My long time readers remember when I posted several months ago on how you can sell a blog for far more than it is worth. Well, it looks like someone was reading my article and decided to get out early.
The blog I am talking about this time is called SiteFever dot com and was just another blog in the crowded “make money online” niche. This particular blogs only real claim to fame was being linked to from the money maker himself John Chow.
The other claim to fame this blog had was misreporting its page views on its advertising page. This one caught my eye right away because he was claiming under 300 visitors a day but over 8K page views daily!!!
Let’s do a little bit of simple math. 8K divided by 300 equals about 27 page views per visitor. I don’t think even Yahoo gets a per user page view that high.
According to the site The blog was sold for $1,250 to someone from a non-English speaking country. I have to feel bad for this new owner because this site was never that good and is not going to be very good judging by the new posts I have seen there.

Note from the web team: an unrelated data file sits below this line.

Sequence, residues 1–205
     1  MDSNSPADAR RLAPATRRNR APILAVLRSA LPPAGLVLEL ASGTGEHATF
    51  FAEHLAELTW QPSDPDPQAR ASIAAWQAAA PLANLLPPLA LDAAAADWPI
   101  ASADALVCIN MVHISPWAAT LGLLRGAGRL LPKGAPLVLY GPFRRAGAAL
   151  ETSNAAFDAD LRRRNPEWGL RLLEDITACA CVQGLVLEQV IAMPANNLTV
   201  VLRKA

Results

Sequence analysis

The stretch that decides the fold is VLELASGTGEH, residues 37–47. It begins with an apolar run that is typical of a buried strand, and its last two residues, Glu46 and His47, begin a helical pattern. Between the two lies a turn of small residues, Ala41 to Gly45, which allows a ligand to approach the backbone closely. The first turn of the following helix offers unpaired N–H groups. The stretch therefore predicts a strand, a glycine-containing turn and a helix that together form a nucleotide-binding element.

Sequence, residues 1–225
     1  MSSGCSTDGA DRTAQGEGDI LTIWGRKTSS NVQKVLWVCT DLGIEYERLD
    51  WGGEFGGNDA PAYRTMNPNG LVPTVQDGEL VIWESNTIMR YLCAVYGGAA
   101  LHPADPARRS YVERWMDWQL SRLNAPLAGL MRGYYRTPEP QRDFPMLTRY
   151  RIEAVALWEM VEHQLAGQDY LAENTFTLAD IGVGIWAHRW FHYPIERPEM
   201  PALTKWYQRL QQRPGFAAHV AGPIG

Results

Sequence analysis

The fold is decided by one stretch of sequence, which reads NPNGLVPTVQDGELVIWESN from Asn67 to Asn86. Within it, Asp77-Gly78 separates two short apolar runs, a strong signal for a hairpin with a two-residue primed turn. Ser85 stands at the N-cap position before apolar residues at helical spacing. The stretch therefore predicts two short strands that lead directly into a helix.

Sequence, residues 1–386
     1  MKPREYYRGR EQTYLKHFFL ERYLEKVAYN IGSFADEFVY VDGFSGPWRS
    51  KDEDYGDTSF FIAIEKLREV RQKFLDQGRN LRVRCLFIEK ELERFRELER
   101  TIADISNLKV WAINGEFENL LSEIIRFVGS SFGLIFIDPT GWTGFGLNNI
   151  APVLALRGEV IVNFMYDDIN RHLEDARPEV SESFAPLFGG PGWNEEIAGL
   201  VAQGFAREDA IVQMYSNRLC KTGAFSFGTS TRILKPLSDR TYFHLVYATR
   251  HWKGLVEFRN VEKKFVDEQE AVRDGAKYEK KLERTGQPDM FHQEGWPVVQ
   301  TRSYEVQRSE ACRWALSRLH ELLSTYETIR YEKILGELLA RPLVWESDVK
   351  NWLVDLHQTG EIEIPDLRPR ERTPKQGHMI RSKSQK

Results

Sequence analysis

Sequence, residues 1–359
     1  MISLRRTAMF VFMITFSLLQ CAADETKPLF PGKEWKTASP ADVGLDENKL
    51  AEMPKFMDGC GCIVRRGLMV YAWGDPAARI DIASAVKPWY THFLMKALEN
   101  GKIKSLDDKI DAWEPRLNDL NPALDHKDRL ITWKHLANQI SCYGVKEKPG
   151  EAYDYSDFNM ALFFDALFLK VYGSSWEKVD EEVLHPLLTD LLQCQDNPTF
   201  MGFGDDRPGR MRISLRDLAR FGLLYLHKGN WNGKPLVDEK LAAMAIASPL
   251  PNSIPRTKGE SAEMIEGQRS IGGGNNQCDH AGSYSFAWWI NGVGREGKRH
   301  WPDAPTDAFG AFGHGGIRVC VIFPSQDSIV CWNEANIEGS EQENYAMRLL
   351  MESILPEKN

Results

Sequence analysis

The original owner says he is leaving the country and that is why he sold the site but I don’t know if I believe him. There is no “great” content on the site as it stands now. In fact most of the content is just a cheap rehashing of content you will find on any other make money online blog out there today.
With him selling the site I have to wonder something, what about his contest? Yes, he was running a contest for a 1TB external hard drive. Will he honor the contest now that he is gone?
From the dealings I have had with him I tend to doubt it. I think he was just looking to make a quick buck like so many in that niche.
Remember the blog I talked about months ago that was sold for a huge profit? I was looking on Alexa the other day and acording to their stats it peaked right about the time it was sold and has since fallen off a cliff.
When buying a website it is always buyer beware. Don’t buy based on two or three months worth of traffic. Like my investment agent always tells me, “past performance should not be used as an indicator of future gains.”